ndson, who, being out of his apprenticeship, and home from a journey in far countries, whither he was sent to enlarge his knowledge and complete his preparations for the venture of this life, stands leaning against the chimney- piece this very day in Mrs. Rouncewell's room at Chesney Wold.
"And, again and again, I am glad to see you, Watt! And, once again, I am glad to see you, Watt!" says Mrs. Rouncewell. "You are a fine young fellow. You are like your poor uncle George. Ah!" Mrs. Rouncewell's hands unquiet, as usual, on this reference.
"They say I am like my father, grandmother."
"Like him, also, my dear--but most like your poor uncle George! And your dear father." Mrs. Rouncewell folds her hands again. "He is well?"
"Thriving, grandmother, in every way."
"I am thankful!" Mrs. Rouncewell is fond of her son but has a plaintive feeling towards him, much as if he were a very honourable soldier who had gone over to the enemy.
"He is quite happy?" says she.
"I am thankful! So he has brought you up to follow in his ways and has sent you into foreign countries and the like? Well, he knows best. There may be a world beyond Chesney Wold that I don't understand. Though I am not young, either. And I have seen a quantity of good company too!"
"Grandmother," says the young man, changing the subject, "what a very pretty girl that was I found with you just now. You called her Rosa?"
"Yes, child. She is daughter of a widow in the village. Maids are so hard to teach, now-a-days, that I have put her about me young. She's an apt scholar and will do well. She shows the house already, very pretty. She lives with me at my table here."
"I hope I have not driven her away?"
"She supposes we have family affairs to speak about, I dare say. She is very modest. It is a fine quality in a young woman. And scarcer," says Mrs. Rouncewell, expanding her stomacher to its utmost limits, "than it formerly was!"
The young man inclines his head in acknowledgment of the precepts of experience. Mrs. Rouncewell listens.
"Wheels!" says she. They have long been audible to the younger ears of her companion. "What wheels on such a day as this, for gracious sake?"
After a short interval, a tap at the door. "Come in!" A dark- eyed, dark-haired, shy, village beauty comes in--so fresh in her rosy and yet delicate bloom that the drops of rain which have beaten on her hair look like the dew upon a flower fresh gathered.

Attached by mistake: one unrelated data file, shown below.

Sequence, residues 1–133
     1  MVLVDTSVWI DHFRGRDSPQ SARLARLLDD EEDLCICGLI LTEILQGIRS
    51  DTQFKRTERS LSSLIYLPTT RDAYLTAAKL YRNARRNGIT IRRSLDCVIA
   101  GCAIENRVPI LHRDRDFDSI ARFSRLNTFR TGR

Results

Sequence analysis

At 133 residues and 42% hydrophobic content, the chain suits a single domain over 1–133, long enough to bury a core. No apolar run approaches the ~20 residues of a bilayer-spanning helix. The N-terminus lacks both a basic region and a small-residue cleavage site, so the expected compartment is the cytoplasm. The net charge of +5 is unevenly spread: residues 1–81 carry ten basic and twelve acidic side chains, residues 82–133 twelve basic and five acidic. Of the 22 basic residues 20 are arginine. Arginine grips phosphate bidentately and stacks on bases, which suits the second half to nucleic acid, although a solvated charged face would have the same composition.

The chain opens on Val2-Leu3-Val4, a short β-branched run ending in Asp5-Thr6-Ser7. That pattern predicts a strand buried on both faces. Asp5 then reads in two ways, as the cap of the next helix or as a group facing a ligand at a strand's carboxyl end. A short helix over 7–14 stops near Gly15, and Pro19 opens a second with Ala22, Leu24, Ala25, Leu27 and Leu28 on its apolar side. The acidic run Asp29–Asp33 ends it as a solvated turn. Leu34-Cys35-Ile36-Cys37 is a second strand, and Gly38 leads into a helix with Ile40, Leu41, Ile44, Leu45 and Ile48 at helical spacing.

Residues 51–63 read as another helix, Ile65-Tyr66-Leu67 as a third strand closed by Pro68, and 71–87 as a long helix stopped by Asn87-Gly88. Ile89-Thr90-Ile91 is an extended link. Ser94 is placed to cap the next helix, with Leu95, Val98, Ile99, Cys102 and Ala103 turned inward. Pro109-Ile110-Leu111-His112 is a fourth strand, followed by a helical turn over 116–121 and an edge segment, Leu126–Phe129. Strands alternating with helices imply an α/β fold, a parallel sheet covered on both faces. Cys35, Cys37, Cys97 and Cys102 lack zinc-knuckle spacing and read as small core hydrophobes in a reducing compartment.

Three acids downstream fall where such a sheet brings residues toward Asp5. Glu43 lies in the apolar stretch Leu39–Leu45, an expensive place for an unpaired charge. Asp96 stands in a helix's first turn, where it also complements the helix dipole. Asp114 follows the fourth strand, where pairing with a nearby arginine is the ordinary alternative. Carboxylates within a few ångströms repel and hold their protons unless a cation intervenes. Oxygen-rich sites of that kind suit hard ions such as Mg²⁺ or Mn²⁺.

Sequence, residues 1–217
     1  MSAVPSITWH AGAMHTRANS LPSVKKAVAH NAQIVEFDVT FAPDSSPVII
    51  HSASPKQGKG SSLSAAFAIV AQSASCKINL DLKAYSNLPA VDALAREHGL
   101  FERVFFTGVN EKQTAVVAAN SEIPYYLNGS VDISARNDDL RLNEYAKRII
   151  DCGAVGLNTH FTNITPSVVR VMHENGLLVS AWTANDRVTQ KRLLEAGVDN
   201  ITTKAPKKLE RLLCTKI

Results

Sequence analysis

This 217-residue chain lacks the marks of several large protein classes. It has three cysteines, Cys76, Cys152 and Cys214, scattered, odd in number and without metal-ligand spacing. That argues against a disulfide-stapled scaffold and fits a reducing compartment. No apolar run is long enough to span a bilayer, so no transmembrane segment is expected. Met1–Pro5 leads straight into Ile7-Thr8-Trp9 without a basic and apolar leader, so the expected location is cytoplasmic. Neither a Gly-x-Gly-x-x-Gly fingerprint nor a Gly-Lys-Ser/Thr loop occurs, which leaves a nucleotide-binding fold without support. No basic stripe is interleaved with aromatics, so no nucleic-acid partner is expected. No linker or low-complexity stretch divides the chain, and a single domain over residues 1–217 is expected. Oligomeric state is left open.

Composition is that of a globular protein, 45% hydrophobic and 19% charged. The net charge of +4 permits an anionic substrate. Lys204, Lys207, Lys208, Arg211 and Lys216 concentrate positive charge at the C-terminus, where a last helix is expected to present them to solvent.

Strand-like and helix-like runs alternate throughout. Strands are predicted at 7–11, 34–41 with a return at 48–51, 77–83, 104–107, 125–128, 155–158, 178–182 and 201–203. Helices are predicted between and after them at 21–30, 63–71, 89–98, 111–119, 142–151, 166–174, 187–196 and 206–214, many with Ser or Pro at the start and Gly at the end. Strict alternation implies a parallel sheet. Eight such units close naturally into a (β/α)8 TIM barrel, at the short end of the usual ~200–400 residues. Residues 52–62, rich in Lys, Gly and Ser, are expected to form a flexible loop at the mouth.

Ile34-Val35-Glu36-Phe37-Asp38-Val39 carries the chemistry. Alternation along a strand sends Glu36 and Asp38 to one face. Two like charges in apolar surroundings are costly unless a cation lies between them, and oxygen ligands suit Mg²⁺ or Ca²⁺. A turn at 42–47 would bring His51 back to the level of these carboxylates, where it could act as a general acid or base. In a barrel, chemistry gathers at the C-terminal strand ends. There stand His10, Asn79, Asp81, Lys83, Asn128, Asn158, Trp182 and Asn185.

"What company is this, Rosa?" says Mrs. Rouncewell.
"It's two young men in a gig, ma'am, who want to see the house-- yes, and if you please, I told them so!" in quick reply to a gesture of dissent from the housekeeper. "I went to the hall-door and told them it was the wrong day and the wrong hour, but the young man who was driving took off his hat in the wet and begged me to bring this card to you."
"Read it, my dear Watt," says the housekeeper.
Rosa is so shy as she gives it to him that they drop it between them and almost knock their foreheads together as they pick it up. Rosa is shyer than before.
"Mr. Guppy" is all the information the card yields.
"Guppy!" repeats Mrs. Rouncewell, "MR. Guppy! Nonsense, I never heard of him!"
"If you please, he told ME that!" says Rosa. "But he said that he and the other young gentleman came from London only last night by the mail, on business at the magistrates' meeting, ten miles off, this morning, and that as their business was soon over, and they had heard a great deal said of Chesney Wold, and really didn't know what to do with themselves, they had come through the wet to see it. They are lawyers. He says he is not in Mr. Tulkinghorn's office, but he is sure he may make use of Mr. Tulkinghorn's name if necessary." Finding, now she leaves off, that she has been making quite a long speech, Rosa is shyer than ever.
Now, Mr. Tulkinghorn is, in a manner, part and parcel of the place, and besides, is supposed to have made Mrs. Rouncewell's will. The old lady relaxes, consents to the admission of the visitors as a favour, and dismisses Rosa.